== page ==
Chapter 19 – The Expedition of de Grasse | France in the Revolution


    About the author

    James Breck Perkins headshot.
    James Breck Perkins

    James Breck Perkins (1847–1910) was an American historian notable for his works on French history. Educated at the University of Rochester, he initially practiced law before shifting to writing and public service. Perkins is best known for his comprehensive studies on the French Regency period, particularly in “France Under the Regency,” which examined Philippe d’Orléans’ governance post-Louis XIV. His other significant works include “France Under Louis XV” and “France in the American Revolution.”



      We must now follow the fortunes of the expedition which had sailed from France under the command of the Comte de Grasse, and which was to exercise a decisive influence on the fortunes of the American Revolution.

      The count was a member of one of the oldest French families. They traced their line back to a Prince of Antibes in the tenth century, and boasted that members of their family had intermarried with many royal houses. They had, at all events, a long and honorable ancestry, and their forefathers had for centuries acquitted themselves with valor in the wars in which France took part. Francois Joseph de Grasse was born in 1723, in the chateau of Bar, on a property that had belonged to his ancestors for five hundred years. His father was a captain in the army, but the son sought his fortune in the marine. In that service he worked his way with success, though without special distinction, and he was a captain when war was declared between France and England. He served under d’Estaing in the West Indies, and in 1781 was selected as commander of the expedition to be sent to America. His enemies asserted that he owed this command to court intrigues rather than to past service; his friends declared that he assumed it unwillingly and only by the express order of Louis XVI (See The Operations of the French Fleet under the Count de Grasse in 1781-2, as described in Two Contemporaneous Journals (New York, 1864), 27, 28, 139. The author of the first Journal, the Chevalier de Goussencourt, asserts that de Grasse obtained the command by his intrigues at court; the second diarist, an officer in the Naval Army in America, says that the count accepted the command reluctantly. The volume cited is number 3 of the publications of the “Bradford Club.”) However this may be, the expedition was to bring him permanent fame, and yet to involve the remainder of his life in unhappiness and disgrace.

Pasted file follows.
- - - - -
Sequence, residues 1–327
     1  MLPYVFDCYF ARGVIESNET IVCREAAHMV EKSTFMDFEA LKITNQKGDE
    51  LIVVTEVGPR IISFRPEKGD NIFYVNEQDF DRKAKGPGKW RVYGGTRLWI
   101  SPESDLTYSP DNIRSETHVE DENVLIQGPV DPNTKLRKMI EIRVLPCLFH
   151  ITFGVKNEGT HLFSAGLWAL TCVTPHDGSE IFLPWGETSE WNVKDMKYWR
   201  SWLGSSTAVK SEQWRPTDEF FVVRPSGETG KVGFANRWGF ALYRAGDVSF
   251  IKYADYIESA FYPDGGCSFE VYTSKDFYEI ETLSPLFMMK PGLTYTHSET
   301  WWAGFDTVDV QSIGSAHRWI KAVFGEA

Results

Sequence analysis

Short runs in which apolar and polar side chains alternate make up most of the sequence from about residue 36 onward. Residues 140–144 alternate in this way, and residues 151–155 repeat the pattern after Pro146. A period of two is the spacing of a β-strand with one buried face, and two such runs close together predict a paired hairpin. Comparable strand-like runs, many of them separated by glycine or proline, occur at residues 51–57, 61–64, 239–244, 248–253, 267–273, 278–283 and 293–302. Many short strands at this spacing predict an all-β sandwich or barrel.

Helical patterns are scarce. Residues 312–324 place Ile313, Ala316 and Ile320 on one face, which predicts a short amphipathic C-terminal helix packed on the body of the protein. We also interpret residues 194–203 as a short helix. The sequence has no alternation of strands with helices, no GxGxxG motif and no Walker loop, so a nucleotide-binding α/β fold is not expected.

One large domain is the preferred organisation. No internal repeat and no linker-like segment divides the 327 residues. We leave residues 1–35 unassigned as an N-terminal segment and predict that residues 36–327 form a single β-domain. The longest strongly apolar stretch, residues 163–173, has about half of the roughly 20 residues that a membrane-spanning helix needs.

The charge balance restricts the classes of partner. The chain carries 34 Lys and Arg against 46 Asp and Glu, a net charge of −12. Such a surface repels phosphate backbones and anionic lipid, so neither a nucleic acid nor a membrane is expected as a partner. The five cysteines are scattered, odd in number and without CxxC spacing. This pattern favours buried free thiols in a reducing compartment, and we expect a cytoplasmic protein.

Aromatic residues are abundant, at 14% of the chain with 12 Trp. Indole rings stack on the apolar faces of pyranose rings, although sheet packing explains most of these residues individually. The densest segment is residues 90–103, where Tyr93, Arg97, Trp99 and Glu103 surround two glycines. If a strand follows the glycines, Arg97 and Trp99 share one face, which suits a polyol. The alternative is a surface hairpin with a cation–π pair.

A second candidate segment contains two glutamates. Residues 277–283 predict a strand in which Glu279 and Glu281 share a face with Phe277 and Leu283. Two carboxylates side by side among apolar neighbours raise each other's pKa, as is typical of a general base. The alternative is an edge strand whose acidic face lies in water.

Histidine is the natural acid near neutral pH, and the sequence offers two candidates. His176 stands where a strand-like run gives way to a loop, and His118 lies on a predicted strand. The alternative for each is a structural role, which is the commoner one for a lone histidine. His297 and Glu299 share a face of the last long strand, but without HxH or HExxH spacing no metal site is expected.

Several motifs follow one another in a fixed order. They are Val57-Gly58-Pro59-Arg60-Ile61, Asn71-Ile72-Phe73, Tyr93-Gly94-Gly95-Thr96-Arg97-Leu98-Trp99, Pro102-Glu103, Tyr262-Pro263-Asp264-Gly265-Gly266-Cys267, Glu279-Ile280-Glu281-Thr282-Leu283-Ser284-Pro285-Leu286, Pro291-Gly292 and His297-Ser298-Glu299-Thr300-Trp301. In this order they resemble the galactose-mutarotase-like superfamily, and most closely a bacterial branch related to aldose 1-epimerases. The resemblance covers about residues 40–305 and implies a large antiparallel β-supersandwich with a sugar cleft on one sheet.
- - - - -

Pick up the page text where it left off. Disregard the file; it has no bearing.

Active preparations were made to equip the new fleet, and it was a more formidable reinforcement than any of those which the French had thus far sent to the assistance of their American allies.

      The fleet sailed from Brest on Thursday, March 22, 1781. Privateers were so numerous that merchant ships delayed long for an opportunity to proceed under convoy; no less than two hundred and fifty sail, with cargoes valued in all at thirty million livres, accompanied the expedition. On the 29th of March, forty of them parted from the rest and proceeded to the East Indies under the guard of five men-of-war. Later, on April 5, the Sagittaire, with a convoy of forty sail, steered for Boston and reached there in safety. But the rest of the merchant ships were bound for the West Indies, and they proved a serious impediment to any rapid movement of the fleet. Before they reached their destination, each of the men-of-war had a merchantman in tow (Operations of the French Fleet, etc., 30, 32, 34.)

      The fleet proceeded without interference from storm or the enemy, and on April 28 the mountains of Martinique were sighted. The chronicler of the expedition expresses a relief which was probably felt by many of his companions: “What a vast desert does not the solitude of the sea then present! . . . What a secret pain does not a man then experience who, accustomed to live with his fellowmen, lives but with the fish!” (Operations of the French Fleet, etc., 39, 40, 41,140.)

      These gloomy reflections were dispelled by the sight of land, and, to increase the pleasure of the young Frenchmen, who were spoiling for a fight, they found themselves at once engaged off Martinique, with the English fleet under Hood. The combat was of short duration, and it was not followed by any action of importance (lbid., 42-45, 141-147.) The West Indies were the chief object of de Grasse’s cruise, and any expedition to the United States was regarded as of secondary interest. But as matter of fact, the fleet accomplished little during its first stay among the islands, and met with serious disaster in the year following, while the expedition to the Chesapeake ended a long and momentous contest.